### YouKn0wWho's blog

By YouKn0wWho, 5 years ago,

I am stuck on this following problem for a pretty long time.

statement
input
output
sample
time limit

It will be really helpful if you can provide me with a solution.

• +36

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 » 5 years ago, # |   +4 Can we process queries offline? I think we can make Mo's algorithm work here.
•  » » 5 years ago, # ^ |   +9 YES, we can process queries offline.
 » 5 years ago, # | ← Rev. 3 →   +8 SpoilerLet's call the given permutation $A$. For every number from $1$ to $N$, write down its position in $A$ to get permutation $B$. Now we can solve the problem using Mo's algorithm and DSU: Consider a query like $[L_i,\,R_i]$. Let's call the $i$-th number in $B$ as $B_i$. Now consider an array of size $N$ such as $C$ and for each $B_j$ ($L_i \leq j \leq R_i$), mark the $B_j$-th cell in $C$. The answer of the query is the length of the longest contiguous subarray of $C$ that all of its cells are marked. You can keep track of the size of components (maximal contiguous subarrays of marked cells) using DSU.Edit: By "DSU", I don't mean anything complicated. It's enough to keep the endpoints of the components as pairs in a proper data structure (for example: std::set).
•  » » 5 years ago, # ^ |   0 So we need a persistent DSU for this. AFAIK, Persistent DSU works in $O(log N)$ as we need a stack to take snapshots and do rollbacks and merging from small to large components. Bottleneck ExplainedNormal DSU that works in O(1) on averageint find(int u) { if(par[u]==u) return u; return par[u]=find(par[u]); }  Persistent DSU that works in $O(log N)$int find(int u) { if(par[u]==u) return u; return find(par[u]);//we can't use par[u]=find(par[u]) as we are using a stack to take snapshots } So we are getting a solution in $O(n sqrt(n) logn)$ which is still costly for us.
•  » » » 5 years ago, # ^ |   0 No. We don't need these complicated data structures. I edited my comment and explained it more.
•  » » » » 5 years ago, # ^ |   0 But the set is taking extra $logn$. So what are you trying to come up with?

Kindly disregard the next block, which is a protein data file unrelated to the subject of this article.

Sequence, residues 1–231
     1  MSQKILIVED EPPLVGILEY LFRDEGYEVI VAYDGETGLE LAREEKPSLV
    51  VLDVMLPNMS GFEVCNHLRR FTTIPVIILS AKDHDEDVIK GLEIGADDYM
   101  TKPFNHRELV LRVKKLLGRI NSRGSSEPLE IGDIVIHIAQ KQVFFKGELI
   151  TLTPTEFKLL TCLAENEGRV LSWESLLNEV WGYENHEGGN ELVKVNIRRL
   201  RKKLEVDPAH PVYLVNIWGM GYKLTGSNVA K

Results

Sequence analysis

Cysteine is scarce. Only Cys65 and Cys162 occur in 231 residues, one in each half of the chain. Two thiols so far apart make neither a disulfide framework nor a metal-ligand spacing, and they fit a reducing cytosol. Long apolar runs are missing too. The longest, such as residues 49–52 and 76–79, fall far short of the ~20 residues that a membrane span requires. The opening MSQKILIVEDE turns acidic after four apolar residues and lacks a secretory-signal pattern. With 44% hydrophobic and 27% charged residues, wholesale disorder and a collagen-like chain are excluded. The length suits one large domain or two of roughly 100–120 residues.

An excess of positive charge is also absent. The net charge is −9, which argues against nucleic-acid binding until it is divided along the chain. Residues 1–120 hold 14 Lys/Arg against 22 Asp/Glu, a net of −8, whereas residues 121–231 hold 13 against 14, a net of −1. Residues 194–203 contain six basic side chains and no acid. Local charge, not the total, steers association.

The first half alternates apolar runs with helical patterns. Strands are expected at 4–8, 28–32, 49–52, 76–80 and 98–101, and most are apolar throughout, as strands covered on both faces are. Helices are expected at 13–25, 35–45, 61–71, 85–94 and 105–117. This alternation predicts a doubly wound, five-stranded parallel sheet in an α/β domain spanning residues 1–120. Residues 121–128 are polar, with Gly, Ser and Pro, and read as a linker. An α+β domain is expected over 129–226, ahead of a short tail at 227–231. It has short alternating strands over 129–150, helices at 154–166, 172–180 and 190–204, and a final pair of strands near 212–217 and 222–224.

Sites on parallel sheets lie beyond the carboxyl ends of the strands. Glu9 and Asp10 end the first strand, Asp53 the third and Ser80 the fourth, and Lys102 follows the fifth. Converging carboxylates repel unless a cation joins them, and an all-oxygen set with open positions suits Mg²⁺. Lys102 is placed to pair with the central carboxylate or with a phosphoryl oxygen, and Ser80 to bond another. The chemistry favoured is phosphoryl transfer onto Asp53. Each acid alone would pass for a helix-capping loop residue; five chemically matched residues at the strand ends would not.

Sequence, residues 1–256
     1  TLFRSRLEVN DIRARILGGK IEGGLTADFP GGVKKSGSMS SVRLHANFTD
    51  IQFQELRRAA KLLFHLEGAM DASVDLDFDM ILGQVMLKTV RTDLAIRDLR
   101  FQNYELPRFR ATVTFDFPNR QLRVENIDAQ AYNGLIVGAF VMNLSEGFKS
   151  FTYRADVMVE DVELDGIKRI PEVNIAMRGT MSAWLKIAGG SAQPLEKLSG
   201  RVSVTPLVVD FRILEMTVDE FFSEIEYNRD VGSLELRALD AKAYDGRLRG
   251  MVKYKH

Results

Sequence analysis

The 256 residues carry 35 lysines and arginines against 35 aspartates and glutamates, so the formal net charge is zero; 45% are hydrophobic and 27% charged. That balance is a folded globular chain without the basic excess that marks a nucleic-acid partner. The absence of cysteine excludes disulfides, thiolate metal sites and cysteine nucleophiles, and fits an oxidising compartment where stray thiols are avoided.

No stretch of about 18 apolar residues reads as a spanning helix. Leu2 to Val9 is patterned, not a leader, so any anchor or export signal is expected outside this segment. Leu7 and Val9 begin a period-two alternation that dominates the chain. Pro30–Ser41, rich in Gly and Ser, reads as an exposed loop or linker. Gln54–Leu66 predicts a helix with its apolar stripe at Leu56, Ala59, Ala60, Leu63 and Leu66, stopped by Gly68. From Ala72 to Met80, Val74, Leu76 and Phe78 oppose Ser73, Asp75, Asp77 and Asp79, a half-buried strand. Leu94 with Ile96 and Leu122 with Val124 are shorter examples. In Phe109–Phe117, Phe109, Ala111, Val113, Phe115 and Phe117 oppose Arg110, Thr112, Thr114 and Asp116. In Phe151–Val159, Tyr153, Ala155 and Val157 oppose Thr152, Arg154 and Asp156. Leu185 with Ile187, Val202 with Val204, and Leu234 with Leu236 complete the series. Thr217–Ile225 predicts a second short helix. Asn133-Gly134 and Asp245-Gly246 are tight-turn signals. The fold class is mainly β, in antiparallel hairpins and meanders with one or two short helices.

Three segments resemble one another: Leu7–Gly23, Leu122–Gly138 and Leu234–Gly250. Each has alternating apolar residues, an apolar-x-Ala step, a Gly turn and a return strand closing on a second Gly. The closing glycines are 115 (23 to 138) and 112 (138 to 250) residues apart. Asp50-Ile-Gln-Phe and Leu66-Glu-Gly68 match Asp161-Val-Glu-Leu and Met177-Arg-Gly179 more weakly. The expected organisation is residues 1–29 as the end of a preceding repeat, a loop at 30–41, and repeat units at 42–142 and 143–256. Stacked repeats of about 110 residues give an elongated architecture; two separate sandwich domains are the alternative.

•  » » » » » 5 years ago, # ^ |   0 I didn't mean that we can reduce the order of complexity using a std::set. :D I just meant that there's an easier way to implement the solution.
 » 5 years ago, # |   0 Provide the problem link. I will post my solution.
•  » » 5 years ago, # ^ |   0 This is the problem but unfortunately, there is no dataset to judge the problem. So you will always get a runtime error.
 » 5 years ago, # | ← Rev. 2 →   +45 TL;DR There exist variation of Mo's algorithm with only adds and rollbacks.I assume that you understand solution with Mo and DSU ideas of how to use Mo and how to use DSU to solve one query in $O(N \alpha(N))$.This is not Mo, but similar: Queries with length less then $\sqrt{N}$ we can answer in $O(len)$ time similar to what I will do next, let's leave it as an exercise. All longer queries we will group by the bucket (of size $\sqrt{N}$) in which its left border is. For one bucket we will sort all queries by right border. Let's say that borders of bucket are $L$ and $R$ (which means left borders of all queries are in $[L, R]$). We will start with segment $[R, R]$ and then will move right border to the right (adding the right element). When we encounter right border for some query, we will move left border to the left so that it coincides with left border of query. Then we will answer the query and rollback all the left border movements. The complexity is like in Mo's algorithm, the difference is that we do only adds and rollbacks.Underlying DS is not DSU, but just remembering left border of segment for right border and vice versa. All the changes are in strict $O(1)$ time, so total complexity is $O(Q\sqrt{N})$.
•  » » 5 years ago, # ^ |   +3 Thank you. This will work.